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WEC7 - TexFAT - How to verify USB Flash Drive supports Atomic Sector Writes? RRS feed

  • Question

  • Hi,

    From the statement in Windows Compact Documentation (see picture below and link) seems like:

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    • The Flash Driver provided in WEC7 supports Atomic Sector Writes.
    • That most Flash hardware (I'm using USB flash Drive - SanDisk 3.0 #SCDZ43) provide atomic sector writes.

    My Specific Questions:

       1.)  Does WEC7's flash driver provide Atomic Sector Writes?

       2.)  How can I determine if my USB flash drive supports Atomic Sector Writes? (spec sheet, test with scope?)

    Thank you again so much!

    WillieJoe

    Microsoft Documentation about TexFAT and Atomic Sector Writes

    Wednesday, December 14, 2016 6:52 PM

Answers

  • Hi Willie Joe,

    You already have the answer to 1 as yes but the answer to 2 is something for the drive manufacturer. Specifically:

    "Some hard disk drives report the physical sector size of the disk incorrectly. For example, the drive is released a "4K" drive without reporting that it is indeed a 4K drive. Applications use the reported physical sector size as a notion of atomicity and perform I/O based on this. The most basic example is a database-style application will only store one commit record within the unit of atomic write for fear of loss if power is lost or if a physical sector becomes physically bad. When the reported physical sector size is not the unit of atomicity, serious reliability concerns can arise in scenarios where power is lost such as: Applications can fail to recover, and users will need to restore from backup. Applications can fail to recover, but the application will need to perform a lengthy consistency check. Corruption of metadata, log file data, user data, or even data from other applications." (From https://msdn.microsoft.com/en-us/windows/hardware/commercialize/design/compatibility/device-storage )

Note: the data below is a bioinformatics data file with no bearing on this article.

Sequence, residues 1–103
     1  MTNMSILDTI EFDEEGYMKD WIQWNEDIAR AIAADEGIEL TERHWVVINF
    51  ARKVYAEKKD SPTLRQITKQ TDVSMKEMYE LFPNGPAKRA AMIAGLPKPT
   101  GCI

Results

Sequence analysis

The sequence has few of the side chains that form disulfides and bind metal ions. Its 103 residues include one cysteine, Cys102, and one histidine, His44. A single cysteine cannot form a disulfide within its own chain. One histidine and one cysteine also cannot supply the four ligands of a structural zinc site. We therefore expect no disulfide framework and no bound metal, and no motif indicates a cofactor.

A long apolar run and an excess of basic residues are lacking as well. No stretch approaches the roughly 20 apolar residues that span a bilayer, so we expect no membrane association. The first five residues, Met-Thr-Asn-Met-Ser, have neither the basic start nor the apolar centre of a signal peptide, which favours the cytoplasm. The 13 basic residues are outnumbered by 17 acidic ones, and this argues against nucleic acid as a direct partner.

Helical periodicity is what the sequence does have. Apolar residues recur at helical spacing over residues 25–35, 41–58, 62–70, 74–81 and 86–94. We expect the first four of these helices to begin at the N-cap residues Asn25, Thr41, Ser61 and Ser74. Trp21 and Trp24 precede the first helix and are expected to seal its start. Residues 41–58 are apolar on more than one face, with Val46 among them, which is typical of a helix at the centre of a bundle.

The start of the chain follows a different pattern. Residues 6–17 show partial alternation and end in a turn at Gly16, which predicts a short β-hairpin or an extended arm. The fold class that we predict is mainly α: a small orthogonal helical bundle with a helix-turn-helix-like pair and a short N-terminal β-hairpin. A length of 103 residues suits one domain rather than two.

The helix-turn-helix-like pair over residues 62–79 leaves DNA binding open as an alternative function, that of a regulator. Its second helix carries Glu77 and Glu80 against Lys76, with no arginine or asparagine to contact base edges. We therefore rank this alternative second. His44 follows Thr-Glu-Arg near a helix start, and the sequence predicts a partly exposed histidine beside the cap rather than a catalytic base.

Sincerely,

    IoTGirl

    • Marked as answer by WillieJoe2 Thursday, January 5, 2017 7:31 PM
    Friday, December 23, 2016 4:20 AM
    Moderator

All replies

  • Hi Willie Joe,

    You already have the answer to 1 as yes but the answer to 2 is something for the drive manufacturer. Specifically:

    "Some hard disk drives report the physical sector size of the disk incorrectly. For example, the drive is released a "4K" drive without reporting that it is indeed a 4K drive. Applications use the reported physical sector size as a notion of atomicity and perform I/O based on this. The most basic example is a database-style application will only store one commit record within the unit of atomic write for fear of loss if power is lost or if a physical sector becomes physically bad. When the reported physical sector size is not the unit of atomicity, serious reliability concerns can arise in scenarios where power is lost such as: Applications can fail to recover, and users will need to restore from backup. Applications can fail to recover, but the application will need to perform a lengthy consistency check. Corruption of metadata, log file data, user data, or even data from other applications." (From https://msdn.microsoft.com/en-us/windows/hardware/commercialize/design/compatibility/device-storage )

    Sincerely,

    IoTGirl

    • Marked as answer by WillieJoe2 Thursday, January 5, 2017 7:31 PM
    Friday, December 23, 2016 4:20 AM
    Moderator
  • Thanks for the confirmation, WillieJoe2!
    Thursday, January 5, 2017 9:19 PM
    Moderator